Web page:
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Yale Reaches Settlement in Employee Health Wellness Program Lawsuit

On March 4, 2022, Yale University agreed to settle a class-action lawsuit over its employee wellness program for $1.29 million, subject to court approval. The lawsuit alleged that Yale’s Health Expectations Program (Program) violated federal statutes because it required employees and their spouses to either participate in the Program or pay a weekly opt-out fee. This article discusses some of the issues that can arise in wellness program design and the importance of closely monitoring and updating wellness programs in a rapidly changing regulatory environment.

Wellness Programs

A wellness program is an employee benefit that is designed to incentivize participants to voluntarily improve their health and fitness, so that the improvements in healthy behaviors reduce the cost of healthcare claims over time. Wellness programs come in many different forms and can be subject to a variety of federal laws, including the Employee Retirement Income Security Act of 1974 (ERISA), the Health Insurance Portability and Accountability Act of 1996 (HIPAA), the Genetic Information Nondiscrimination Act of 2008 (GINA), and the Americans with Disabilities Act of 1990 (ADA).

Yale’s Health Expectations Program

Yale implemented the Program as part of a collective bargaining agreement with two of its unions, under which most union employees paid no premium for their health plan coverage. Approximately 6,000 union employees and their spouses were required to either share their private medical information with their employer or pay a fine. By charging some employees $1,300 annually if they did not participate, the suit alleged that Yale violated both the GINA and the ADA because the amount of the opt out fee made participation in the Program involuntary. The American Association of Retired Persons (AARP) successfully used this argument in a previous lawsuit against the U.S. Equal Employment Opportunity Commission (EEOC) to invalidate ADA regulations that established limits on the reward amount a wellness program could offer and still be considered “voluntary.” However, Yale did not modify its opt out program in response to the EEOC litigation and subsequent regulatory changes.

Program participants also alleged that Yale violated HIPAA when it shared the results of the medical exams with its outside wellness vendors without prior authorization. Yale partnered with an outside vendor to review Program participant testing and claims data, which was then shared with a second vendor that paired Program participants with a health coach. The vendor conducting data review was a business associate of Yale’s and subject to HIPAA, but the second entity was not. Participants were asked to sign a form waiving their HIPAA rights so that information could be shared with the second vendor, but data was still shared in some instances where the Program participant did not sign the waiver.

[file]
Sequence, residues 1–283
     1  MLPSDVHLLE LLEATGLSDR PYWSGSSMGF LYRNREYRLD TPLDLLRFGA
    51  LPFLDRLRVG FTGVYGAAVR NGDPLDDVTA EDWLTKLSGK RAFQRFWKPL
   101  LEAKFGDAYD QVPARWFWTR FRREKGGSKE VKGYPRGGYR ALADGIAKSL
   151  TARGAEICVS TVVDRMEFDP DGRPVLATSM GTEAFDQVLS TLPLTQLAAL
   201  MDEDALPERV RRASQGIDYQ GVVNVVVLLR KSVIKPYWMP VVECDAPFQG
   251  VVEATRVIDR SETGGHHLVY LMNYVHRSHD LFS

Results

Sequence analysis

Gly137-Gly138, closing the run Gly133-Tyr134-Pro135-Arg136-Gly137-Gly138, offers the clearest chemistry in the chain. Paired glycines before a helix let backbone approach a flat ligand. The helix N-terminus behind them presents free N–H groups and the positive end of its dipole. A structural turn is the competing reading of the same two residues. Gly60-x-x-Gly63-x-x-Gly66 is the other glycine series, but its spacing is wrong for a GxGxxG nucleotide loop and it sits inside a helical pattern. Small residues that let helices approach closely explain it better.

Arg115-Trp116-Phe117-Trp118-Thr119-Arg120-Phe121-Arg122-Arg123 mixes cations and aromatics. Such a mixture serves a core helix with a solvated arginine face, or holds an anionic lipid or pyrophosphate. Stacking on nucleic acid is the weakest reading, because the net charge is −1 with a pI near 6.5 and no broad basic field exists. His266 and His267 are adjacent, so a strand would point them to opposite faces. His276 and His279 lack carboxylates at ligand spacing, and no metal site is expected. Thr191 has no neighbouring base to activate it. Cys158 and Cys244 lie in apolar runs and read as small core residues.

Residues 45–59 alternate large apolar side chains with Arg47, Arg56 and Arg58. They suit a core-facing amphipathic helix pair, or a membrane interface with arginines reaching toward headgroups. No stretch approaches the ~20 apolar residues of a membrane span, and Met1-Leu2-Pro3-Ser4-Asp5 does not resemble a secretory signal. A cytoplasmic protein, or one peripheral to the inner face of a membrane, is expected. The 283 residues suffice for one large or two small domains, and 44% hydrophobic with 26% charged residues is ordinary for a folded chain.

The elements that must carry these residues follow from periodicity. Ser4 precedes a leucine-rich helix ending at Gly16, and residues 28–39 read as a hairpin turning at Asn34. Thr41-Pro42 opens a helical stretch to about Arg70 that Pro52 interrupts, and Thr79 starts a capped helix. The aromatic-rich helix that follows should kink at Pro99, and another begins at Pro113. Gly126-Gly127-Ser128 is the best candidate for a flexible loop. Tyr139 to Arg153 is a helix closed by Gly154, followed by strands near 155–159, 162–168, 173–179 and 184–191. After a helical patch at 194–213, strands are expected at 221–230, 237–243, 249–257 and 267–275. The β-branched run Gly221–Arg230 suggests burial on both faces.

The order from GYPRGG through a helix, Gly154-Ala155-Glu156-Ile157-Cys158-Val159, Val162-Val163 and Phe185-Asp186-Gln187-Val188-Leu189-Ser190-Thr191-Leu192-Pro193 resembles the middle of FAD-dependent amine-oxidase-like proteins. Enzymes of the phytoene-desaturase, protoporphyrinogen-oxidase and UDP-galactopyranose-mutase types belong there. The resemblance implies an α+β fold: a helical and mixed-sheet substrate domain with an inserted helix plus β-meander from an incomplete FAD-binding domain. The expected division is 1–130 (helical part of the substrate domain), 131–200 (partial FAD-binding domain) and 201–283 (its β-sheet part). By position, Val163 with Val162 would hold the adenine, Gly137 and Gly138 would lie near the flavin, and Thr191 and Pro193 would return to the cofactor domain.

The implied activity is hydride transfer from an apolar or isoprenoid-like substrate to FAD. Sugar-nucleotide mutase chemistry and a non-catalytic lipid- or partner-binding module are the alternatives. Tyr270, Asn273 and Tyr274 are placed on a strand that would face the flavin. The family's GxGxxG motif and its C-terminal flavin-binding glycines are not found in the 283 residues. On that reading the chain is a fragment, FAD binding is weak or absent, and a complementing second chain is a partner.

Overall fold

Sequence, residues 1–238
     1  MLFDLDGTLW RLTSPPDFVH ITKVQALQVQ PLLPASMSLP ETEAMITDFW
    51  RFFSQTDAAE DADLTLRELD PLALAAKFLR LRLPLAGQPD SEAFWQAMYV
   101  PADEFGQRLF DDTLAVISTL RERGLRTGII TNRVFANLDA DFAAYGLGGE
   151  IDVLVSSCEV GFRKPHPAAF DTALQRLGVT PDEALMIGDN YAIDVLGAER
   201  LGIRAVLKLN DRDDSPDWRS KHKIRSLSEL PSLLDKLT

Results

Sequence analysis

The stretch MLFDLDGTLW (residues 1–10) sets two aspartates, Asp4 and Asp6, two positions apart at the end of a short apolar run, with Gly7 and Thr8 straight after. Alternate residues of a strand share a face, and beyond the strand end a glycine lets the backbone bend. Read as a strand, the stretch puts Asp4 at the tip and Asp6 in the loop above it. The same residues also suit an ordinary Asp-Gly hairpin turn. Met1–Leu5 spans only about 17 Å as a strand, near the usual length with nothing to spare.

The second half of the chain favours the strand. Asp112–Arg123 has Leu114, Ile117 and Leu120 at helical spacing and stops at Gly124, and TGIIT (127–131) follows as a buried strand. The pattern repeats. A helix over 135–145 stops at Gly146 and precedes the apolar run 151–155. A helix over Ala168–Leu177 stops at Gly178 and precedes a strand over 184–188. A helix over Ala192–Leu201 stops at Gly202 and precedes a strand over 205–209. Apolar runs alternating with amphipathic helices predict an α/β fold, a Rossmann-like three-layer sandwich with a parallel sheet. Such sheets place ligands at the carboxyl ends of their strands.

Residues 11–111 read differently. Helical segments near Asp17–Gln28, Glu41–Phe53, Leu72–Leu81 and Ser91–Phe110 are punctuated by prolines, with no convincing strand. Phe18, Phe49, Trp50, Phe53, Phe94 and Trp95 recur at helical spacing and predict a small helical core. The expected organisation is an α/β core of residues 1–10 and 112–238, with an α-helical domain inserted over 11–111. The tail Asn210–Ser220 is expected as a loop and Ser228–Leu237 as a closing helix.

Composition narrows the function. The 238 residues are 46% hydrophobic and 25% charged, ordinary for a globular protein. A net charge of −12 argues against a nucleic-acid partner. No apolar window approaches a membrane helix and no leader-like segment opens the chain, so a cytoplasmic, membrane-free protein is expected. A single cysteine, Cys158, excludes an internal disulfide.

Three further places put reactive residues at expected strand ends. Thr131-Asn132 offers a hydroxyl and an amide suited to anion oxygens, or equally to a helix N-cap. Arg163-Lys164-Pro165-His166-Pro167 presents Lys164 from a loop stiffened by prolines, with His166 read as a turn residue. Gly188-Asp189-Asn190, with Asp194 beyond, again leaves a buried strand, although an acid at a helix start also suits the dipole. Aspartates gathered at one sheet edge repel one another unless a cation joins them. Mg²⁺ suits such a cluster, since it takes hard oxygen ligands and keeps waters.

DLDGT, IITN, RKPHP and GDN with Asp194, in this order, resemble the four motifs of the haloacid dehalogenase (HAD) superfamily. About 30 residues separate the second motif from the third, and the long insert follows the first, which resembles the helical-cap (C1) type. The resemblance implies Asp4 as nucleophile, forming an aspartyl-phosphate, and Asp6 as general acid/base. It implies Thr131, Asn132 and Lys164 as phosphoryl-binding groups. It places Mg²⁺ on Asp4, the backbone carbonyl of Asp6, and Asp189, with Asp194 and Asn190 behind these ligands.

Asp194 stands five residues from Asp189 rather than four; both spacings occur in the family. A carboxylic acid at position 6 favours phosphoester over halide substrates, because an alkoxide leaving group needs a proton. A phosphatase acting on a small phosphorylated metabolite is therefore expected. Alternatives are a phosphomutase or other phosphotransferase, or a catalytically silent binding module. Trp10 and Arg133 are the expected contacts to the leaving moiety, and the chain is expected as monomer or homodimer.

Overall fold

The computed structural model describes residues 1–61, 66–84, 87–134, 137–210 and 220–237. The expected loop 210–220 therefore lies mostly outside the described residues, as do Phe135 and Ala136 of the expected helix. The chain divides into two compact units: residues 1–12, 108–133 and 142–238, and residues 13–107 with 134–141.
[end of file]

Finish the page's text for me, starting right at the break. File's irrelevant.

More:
The Settlement

Yale will pay $1.29 million, which will be distributed to employees who were covered by the Program and to cover plaintiffs’ attorneys’ fees and costs if approved by the Court. In addition, Yale will cease imposing what it calls opt-out fees for a four-year period or earlier if there is a change in law that Yale University reasonably interprets to permit the collection of fees associated with non-participation or non-compliance with an employee wellness program or employee health program. Finally, Yale has also agreed to change its practices regarding the transfer of health data in connection with the program.

Key Takeaways for Employers

In consideration of the above, employers should:

  • Review their wellness programs to ensure compliance with applicable laws (such as HIPAA, GINA, ADA, etc.);
  • Review any offered incentives/penalties to determine if they are appropriate in type and amount;
  • Ensure HIPAA compliance in applicable service agreements;
  • governance procedures to make decisions and appropriately monitor third parties with respect to the above items; and
  • Monitor regulat
  • Ensure proper ory guidance (Note: Guidance was last proposed by the EEOC in early 2021, but it was subsequently rescinded by the Biden Administration).

About the Author

Steph Kramer

Steph joined McKonly & Asbury in 2016 and is currently a Manager in the firm’s Audit & Assurance Segment. Steph audits a broad spectrum of employee benefit plans, including 401(k), 403(b), retirement, profit sharing, health and… Read more

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